This week a team of three of us had approved our application to facilitate a workshop on accomplishment at the 2018 Global Transformations Conference in Monterey, California. The full title of our topic is “Living the Dream: A Life of Accomplishment”. During the process of putting together the application, we (the team) have had weekly conversations about what accomplishment means and where it all came from. Looking at a thread of accomplishment that I am calling ‘creativity’, and how I might address it from my view of my own biography, I can hear any number of people who might present alternate viewpoints of what accomplishment is and how it ‘should’ work. In pondering those potential ‘alternatives’, ideas I have already heard from various sources, I began to realise that we are all just be standing in the path of our own choices. For all of us, there is only that, given whatever we think we know and much we don’t, we will choose as we will choose.
A couple of years ago, The Poetry Foundation post a commentary by David Orr, that we often fail to fully read this famous poem by Robert Frost. When we just read the beginning and the end we come away with the common interpretation that Frost is encouraging us to take the more arduous looking path. However in the middle two verses he regales that neither path is really any different to the outward glance but that only one of them can be taken. In this case, when we read the last verse we can see he is being ironical about how we will dress up the story of our life, in the future, as one that was the more adventurous.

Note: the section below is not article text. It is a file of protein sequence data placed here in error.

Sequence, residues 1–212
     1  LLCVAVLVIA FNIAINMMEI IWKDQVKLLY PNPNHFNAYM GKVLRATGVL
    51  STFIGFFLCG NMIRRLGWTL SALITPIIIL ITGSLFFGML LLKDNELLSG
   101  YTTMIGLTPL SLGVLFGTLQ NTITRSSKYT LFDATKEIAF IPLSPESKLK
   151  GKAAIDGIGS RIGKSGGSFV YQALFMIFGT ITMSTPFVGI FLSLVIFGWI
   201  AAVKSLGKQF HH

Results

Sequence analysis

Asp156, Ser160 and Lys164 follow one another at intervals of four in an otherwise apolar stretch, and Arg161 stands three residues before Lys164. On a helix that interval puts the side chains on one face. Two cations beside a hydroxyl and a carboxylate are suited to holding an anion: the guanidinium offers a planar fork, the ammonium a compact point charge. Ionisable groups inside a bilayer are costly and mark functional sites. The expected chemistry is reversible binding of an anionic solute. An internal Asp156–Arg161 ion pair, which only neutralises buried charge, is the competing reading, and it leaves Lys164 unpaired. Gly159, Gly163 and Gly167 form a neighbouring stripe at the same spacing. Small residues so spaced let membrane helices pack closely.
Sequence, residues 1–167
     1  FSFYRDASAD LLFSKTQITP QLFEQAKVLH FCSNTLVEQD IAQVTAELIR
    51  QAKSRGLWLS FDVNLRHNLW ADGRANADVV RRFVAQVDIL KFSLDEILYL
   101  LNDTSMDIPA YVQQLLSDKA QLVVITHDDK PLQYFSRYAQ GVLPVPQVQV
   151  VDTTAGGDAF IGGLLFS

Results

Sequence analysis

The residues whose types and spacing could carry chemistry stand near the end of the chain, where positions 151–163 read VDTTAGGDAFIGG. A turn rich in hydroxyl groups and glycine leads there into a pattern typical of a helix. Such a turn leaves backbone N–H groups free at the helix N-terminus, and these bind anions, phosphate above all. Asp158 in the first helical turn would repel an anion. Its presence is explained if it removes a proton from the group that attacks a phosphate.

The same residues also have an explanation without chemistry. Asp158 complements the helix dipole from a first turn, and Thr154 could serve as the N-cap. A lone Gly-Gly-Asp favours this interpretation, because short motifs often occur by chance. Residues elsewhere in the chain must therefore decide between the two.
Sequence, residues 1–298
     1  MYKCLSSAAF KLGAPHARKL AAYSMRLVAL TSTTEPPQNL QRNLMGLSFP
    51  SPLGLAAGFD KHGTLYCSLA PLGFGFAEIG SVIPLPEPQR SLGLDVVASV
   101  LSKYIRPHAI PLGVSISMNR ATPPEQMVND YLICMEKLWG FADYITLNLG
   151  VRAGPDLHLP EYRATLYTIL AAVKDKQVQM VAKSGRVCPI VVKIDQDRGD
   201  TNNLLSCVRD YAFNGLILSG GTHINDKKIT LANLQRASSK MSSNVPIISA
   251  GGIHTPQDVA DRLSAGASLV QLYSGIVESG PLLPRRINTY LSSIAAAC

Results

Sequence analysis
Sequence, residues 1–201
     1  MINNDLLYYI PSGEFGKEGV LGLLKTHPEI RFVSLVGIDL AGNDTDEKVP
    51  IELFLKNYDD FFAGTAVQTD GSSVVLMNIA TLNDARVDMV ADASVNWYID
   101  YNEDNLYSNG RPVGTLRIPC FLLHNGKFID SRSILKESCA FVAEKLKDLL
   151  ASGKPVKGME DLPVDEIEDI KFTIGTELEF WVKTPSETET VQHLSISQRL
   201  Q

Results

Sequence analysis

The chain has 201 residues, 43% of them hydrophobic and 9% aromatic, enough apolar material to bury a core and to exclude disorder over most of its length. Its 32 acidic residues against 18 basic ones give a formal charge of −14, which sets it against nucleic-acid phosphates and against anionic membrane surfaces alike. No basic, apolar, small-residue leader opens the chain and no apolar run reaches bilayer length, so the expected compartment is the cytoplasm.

The Road Not Taken
Two roads diverged in a yellow wood,
And sorry I could not travel both
And be one traveler, long I stood
And looked down one as far as I could
To where it bent in the undergrowth;
Then took the other, as just as fair,
And having perhaps the better claim,
Because it was grassy and wanted wear;
Though as for that the passing there
Had worn them really about the same,
And both that morning equally lay
In leaves no step had trodden black.
Oh, I kept the first for another day!
Yet knowing how way leads on to way,
I doubted if I should ever come back.
I shall be telling this with a sigh
Somewhere ages and ages hence:
Two roads diverged in a wood, and I—
I took the one less traveled by,
And that has made all the difference.
David Orr tells that Frost actually wrote the poem as a tease while in England and going for regular walks in the countryside with another poet, Edward Thomas. Frost told that, after the walk, Thomas would often complain that he should have chosen different pathways because of what they missed out seeing. So, Frost wrote the poem just to say, a choice is made, and that is that. Everything else afterwards, is just a following along that path, as it has to be.